Philippines Asks for Hair, Feathers to Soak Oil Spill
By Leo Solinap
CONCEPCION, Philippines — The Philippine Coast Guard appealed on Thursday for chicken feathers and human hair to help sponge up the country’s worst oil spill.
A tanker chartered by refiner Petron Corp. sank in heavy seas on August 11, oozing about a 10th of its 2 million liter cargo of industrial fuel off the central island of Guimaras, affecting 40,000 people and 200 km (120 miles) of coastline.
Petron, in which the Philippine government and Saudi state oil firm Saudi Aramco each have a 40 percent stake, said a fresh spill was spotted late on Wednesday.
“We are appealing for the supply of indigenous absorbent materials like chicken feathers, human hair and rice straw,” Harold Jarder, head of the Coast Guard in Iloilo, a province north of Guimaras, told Reuters.
Jarder said San Miguel Corp., Southeast Asia’s largest food and beverage conglomerate, promised to donate one tonne of chicken feathers a day from its plants in Iloilo and nearby Bacolod City.
Officials at San Miguel, the Philippines largest seller of poultry products, confirmed the plan but said details were still being worked out.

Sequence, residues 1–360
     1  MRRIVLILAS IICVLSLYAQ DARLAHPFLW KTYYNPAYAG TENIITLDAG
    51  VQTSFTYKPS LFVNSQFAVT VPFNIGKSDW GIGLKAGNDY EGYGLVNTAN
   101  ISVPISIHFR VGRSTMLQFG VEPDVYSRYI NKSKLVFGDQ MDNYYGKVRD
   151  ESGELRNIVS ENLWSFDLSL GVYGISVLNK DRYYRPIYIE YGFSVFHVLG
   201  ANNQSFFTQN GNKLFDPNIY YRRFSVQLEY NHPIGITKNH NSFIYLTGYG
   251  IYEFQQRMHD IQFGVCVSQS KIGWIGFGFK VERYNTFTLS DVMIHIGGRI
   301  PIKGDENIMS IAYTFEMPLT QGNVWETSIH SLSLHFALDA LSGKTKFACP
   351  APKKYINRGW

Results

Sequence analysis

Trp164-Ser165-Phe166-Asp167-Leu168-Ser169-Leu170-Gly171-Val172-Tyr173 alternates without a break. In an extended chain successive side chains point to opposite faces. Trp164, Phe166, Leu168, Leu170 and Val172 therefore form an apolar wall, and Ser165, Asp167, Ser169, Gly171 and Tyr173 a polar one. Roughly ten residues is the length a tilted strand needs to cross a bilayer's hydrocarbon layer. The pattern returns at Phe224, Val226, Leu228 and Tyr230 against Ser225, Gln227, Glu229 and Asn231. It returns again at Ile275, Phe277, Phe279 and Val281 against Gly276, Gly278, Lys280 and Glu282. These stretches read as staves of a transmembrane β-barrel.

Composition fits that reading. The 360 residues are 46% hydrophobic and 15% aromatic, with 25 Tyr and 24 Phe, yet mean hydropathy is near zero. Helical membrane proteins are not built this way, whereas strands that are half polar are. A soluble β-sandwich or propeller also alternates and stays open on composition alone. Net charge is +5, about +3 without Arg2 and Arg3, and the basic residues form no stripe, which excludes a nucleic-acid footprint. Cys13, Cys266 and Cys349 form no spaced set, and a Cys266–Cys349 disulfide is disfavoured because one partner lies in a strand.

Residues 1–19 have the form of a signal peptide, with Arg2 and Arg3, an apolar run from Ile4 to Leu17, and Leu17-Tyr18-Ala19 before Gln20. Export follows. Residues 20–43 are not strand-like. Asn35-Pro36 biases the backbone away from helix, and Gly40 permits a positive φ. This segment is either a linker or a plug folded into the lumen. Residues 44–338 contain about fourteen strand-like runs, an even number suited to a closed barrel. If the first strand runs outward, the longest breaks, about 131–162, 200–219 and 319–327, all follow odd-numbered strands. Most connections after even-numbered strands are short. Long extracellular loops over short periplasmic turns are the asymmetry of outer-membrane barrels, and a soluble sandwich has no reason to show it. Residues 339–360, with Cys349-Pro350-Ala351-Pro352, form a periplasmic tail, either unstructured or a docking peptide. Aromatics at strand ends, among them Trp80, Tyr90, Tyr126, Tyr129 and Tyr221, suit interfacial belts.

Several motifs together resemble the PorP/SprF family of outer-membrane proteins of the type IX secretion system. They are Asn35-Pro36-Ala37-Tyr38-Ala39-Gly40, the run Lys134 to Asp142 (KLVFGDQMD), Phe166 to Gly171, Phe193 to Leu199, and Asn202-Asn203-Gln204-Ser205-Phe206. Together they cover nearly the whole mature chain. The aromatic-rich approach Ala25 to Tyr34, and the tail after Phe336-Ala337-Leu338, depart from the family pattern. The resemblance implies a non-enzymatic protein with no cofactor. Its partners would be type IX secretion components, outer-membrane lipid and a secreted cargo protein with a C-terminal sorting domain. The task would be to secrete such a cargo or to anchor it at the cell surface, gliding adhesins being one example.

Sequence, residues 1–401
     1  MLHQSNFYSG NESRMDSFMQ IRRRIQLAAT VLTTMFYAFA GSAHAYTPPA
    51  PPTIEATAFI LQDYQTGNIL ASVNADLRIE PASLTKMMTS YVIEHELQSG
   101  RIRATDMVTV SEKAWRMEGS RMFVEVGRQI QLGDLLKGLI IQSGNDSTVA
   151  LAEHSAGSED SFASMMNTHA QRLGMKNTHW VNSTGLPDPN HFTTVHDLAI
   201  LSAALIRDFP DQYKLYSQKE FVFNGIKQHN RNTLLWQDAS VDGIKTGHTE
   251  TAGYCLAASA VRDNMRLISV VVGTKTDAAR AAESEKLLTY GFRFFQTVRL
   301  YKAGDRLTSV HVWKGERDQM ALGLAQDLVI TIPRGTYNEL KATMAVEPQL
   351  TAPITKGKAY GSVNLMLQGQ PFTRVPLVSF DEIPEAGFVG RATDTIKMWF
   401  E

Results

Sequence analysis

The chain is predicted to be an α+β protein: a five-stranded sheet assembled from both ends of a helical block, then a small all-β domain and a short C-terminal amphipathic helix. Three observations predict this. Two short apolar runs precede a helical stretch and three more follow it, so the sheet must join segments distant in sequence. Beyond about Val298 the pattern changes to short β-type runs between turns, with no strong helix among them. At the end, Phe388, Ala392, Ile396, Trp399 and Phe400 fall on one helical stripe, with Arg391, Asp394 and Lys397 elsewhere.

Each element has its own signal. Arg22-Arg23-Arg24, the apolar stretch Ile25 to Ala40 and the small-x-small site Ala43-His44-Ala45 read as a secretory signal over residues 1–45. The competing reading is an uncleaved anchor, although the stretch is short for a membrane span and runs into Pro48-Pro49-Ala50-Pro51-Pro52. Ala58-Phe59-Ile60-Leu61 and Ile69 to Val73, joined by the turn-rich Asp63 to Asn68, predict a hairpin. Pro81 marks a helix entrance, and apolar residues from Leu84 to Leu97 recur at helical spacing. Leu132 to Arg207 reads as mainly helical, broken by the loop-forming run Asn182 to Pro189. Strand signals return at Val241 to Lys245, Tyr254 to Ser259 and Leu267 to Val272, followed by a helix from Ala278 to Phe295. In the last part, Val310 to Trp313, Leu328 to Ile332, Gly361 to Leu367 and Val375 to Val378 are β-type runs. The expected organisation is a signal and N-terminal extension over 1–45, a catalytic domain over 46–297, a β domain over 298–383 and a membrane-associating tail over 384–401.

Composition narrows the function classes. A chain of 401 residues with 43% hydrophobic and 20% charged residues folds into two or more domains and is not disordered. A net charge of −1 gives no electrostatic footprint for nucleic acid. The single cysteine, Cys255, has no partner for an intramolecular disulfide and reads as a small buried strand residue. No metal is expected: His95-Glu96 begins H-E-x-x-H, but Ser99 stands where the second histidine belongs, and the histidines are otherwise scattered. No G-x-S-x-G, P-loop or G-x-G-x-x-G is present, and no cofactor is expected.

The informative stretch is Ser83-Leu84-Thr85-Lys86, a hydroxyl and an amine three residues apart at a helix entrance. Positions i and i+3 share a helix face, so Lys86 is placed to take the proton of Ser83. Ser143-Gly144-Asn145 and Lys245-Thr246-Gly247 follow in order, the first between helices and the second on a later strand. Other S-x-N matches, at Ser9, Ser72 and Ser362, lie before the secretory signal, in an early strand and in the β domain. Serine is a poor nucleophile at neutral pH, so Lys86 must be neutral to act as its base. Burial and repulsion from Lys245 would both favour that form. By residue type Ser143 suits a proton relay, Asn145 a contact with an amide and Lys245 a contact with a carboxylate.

Les Reyes, owner of one of the country’s largest hairdressing chains, said his 200 shops had started collecting hair clippings on Tuesday.
“This is in response to the call of Greenpeace,” Reyes said, adding he had also asked other salons to donate hair to the Coast Guard.
Jarder said chicken feathers and human hair will be placed in sacks tied to bamboo poles and placed along the coastlines of affected villages.
Some communities in Guimaras are already using rice straw in sacks to try to contain the spill, which has affected 27 coastal villages and a marine reserve and is spreading in a northeast direction toward the islands of Negros, Cebu and Masbate.
In Concepcion town in Iloilo, residents said they were taking pre-emptive action before the floating bunker oil could hurt their livelihood.
“Operators of fish pens and ponds not hit by the oil spill were forced to harvest fish,” town mayor Raul Banias said.
Petron said it was employing 869 people per day in Guimaras, paying them 200 pesos each, to clean the beaches and mangrove trees of the black sludge.
“We are doing everything humanly possible to assist those affected,” Nicasio Alcantara, chairman of Petron, told a news conference.
Petron said the owner of the 998-tonne tanker, local firm Sunshine Maritime Development Corp., has an insurance cover of up to $6.7 million to cover this sort of accident.
If the insurance cover is not enough, Petron and the owner of the tanker can tap up to $301 million from the International Oil Pollution Compensation Fund.
Oil companies worldwide contribute to the fund to cover oil spills, Mario Lucas, executive director at Petron, said.